Don’t Waste Bread! © IWM (Art.IWM PST 13354)

It must have been a great shock to the Edwardians to go from extreme lavishness in meals to extreme want during the height of the war. During the early months, food prices soared as Britons fearfully stocked up on basic necessities and other foodstuffs. However, this was quickly curbed by the newly-founded Cabinet Committee on Food Supplies, who on August 7th, fixed the maximum prices for food “such as 4½d. per lb for granulated sugar, 5d. for lump, 1s. 6d. per lb for butter, 8d. for margarine, 9½d. for Colonial cheese, and 1s. 4d. and 1s. 6d. for continental and British bacon.” Many considered these prices extravagant, what with the menus in Maud Pember Reeves’ 1913 study on poverty, Round About on a Pound a Week, averaging about 10s. for 2 oz of tea, ½lb of sugar, 4 oz of butter, and a loaf of bread per day. Ironically, just as prices were fixed and rationing set in, luxury foods fell drastically in price due to the lack of entertaining (for example, pineapples fetched only 1s.!), and the wine trade just about collapsed.

During the autumn and winter of 1914, supplies of fuel and light were curtailed, street lamps were dimmed, and no long lines of lights were permitted. In London, Mrs. C. S. Peel declared that the city had gone back twenty years as regards to lighting and “by the end of the war it was almost as dark as the Middle Ages.” New laws required that everyone put up blinds to the windows and keep them drawn at night at the risk of a fine of up to £100 or six months’ imprisonment–a precaution that became imperative once Zeppelins began dropping bombs on England at various intervals throughout the war. By early 1915, the coal shortage had shortened people’s tempers, and the suspicion of neighbors hoarding private stashes of coal or even of coal mine owners profiteering were frequent complaints. The price of coal rose steadily each month, and the coal queue became as familiar a site as the food queue. To mitigate the acute fuel shortage, newspapers filled their pages with advice on fuel-saving cookery and fuel substitutions.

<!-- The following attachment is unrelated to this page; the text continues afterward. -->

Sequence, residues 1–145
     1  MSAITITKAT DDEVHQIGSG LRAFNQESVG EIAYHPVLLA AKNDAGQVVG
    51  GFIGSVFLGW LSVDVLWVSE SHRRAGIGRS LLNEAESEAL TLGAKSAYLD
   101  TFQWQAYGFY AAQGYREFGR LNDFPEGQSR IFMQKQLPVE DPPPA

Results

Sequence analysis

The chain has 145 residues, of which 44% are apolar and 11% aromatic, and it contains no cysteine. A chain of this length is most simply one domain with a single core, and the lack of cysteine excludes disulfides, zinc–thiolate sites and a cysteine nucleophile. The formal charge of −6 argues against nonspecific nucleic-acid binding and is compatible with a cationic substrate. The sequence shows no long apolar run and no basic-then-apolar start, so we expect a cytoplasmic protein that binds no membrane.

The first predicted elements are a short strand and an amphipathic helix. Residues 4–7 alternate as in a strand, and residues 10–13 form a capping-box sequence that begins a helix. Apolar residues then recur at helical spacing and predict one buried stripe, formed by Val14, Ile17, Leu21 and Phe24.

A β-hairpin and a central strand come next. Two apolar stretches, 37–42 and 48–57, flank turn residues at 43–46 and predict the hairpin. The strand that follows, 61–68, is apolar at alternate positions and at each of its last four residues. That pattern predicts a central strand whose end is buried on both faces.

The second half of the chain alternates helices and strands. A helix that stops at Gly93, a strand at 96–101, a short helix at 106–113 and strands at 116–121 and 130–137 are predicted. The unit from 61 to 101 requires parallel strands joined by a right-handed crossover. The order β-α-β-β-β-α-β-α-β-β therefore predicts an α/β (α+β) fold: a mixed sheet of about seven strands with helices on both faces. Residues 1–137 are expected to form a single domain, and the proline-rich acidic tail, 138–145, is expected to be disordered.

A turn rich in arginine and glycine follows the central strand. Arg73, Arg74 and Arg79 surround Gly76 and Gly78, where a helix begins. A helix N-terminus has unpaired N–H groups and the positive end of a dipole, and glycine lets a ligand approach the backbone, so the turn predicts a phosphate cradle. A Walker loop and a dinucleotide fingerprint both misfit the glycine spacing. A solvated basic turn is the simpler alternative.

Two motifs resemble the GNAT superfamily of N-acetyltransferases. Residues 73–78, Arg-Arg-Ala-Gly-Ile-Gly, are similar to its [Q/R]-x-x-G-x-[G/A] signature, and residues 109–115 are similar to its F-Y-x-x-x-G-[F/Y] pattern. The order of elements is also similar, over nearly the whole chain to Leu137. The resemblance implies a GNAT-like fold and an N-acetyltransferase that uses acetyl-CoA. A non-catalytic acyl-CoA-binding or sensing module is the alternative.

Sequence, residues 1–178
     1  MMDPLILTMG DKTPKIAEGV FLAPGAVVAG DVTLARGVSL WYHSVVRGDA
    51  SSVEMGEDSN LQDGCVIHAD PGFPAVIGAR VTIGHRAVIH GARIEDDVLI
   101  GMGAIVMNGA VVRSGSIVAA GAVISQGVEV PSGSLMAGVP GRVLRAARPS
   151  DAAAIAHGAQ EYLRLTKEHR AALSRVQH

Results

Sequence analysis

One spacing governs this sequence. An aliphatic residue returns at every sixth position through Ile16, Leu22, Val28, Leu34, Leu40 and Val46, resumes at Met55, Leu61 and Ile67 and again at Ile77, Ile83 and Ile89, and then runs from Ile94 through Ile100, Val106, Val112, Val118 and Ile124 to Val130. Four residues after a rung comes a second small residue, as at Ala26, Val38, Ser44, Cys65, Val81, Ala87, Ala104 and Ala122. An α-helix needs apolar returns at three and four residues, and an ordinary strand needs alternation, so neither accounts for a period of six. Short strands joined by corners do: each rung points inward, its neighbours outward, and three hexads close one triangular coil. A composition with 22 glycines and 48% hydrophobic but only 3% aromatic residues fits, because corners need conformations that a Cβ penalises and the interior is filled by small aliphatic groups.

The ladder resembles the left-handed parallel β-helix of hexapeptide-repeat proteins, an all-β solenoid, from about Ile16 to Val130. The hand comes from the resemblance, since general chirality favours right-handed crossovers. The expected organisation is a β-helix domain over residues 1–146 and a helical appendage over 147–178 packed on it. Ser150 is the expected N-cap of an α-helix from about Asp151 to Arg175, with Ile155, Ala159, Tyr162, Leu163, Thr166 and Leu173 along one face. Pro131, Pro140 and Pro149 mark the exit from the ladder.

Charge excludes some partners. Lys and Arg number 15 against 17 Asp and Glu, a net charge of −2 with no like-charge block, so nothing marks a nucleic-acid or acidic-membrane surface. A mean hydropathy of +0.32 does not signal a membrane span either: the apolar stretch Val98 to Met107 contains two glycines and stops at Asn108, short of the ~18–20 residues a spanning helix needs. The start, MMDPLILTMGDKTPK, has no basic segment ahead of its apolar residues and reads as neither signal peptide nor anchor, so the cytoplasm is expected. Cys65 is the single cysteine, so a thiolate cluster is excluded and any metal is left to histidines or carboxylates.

In December 1916, after a bleak autumn (due to the shortages and the news of the Somme), a Food Controller was appointed and a Ministry of Food established “to promote economy and to maintain the food supply of the country”. Yet, it was not until 1917, when the Germans began their unrestricted U-boat warfare, that the British government realized how vulnerable the country was to being cut off from their imported food supplies. In April of that year, 555,000 tons of shipping alone were lost in the submarine campaign . In response, the Food Controller authorized the organization of a national kitchen, where ostensibly healthy and nourishing food was cooked and served to the masses now that most men had been called up to the Front and women had taken their places in the workforce. The Board of Agriculture also sent instructors around the country to demonstrate bottling and canning fruits and vegetables to cut back on waste, and the London County Council issued posters advising people to buy bread by weight (as the poor did) rather than by the loaf.

Months later, when the food shortage became more serious, control, or rations, grew stricter: “to throw rice at weddings became a criminal offense, the sale of luxury chocolates and sweets were stopped, the use of starch for laundering was restricted, horses and cows and even the London pigeons were rationed, no corn was allowed for cobs, hunters, carriages horses and hacks, the amount of bread or cake sold at tea shops was reduced to 2 ounces, and it became an offense to adopt and feed stray dogs.” Butchers were ordered to display price lists, and bakers, with only barley, rice, maize, beans, oatmeal and potato permitted, were forbidden to bake anything but Government regulation bread. Everyone was advised to “Eat slowly: you will need less food.” or “Keep warm: you will need less food.”, yet no explanations were given on how to keep warm with fuel rationed and an insufficiently fat diet.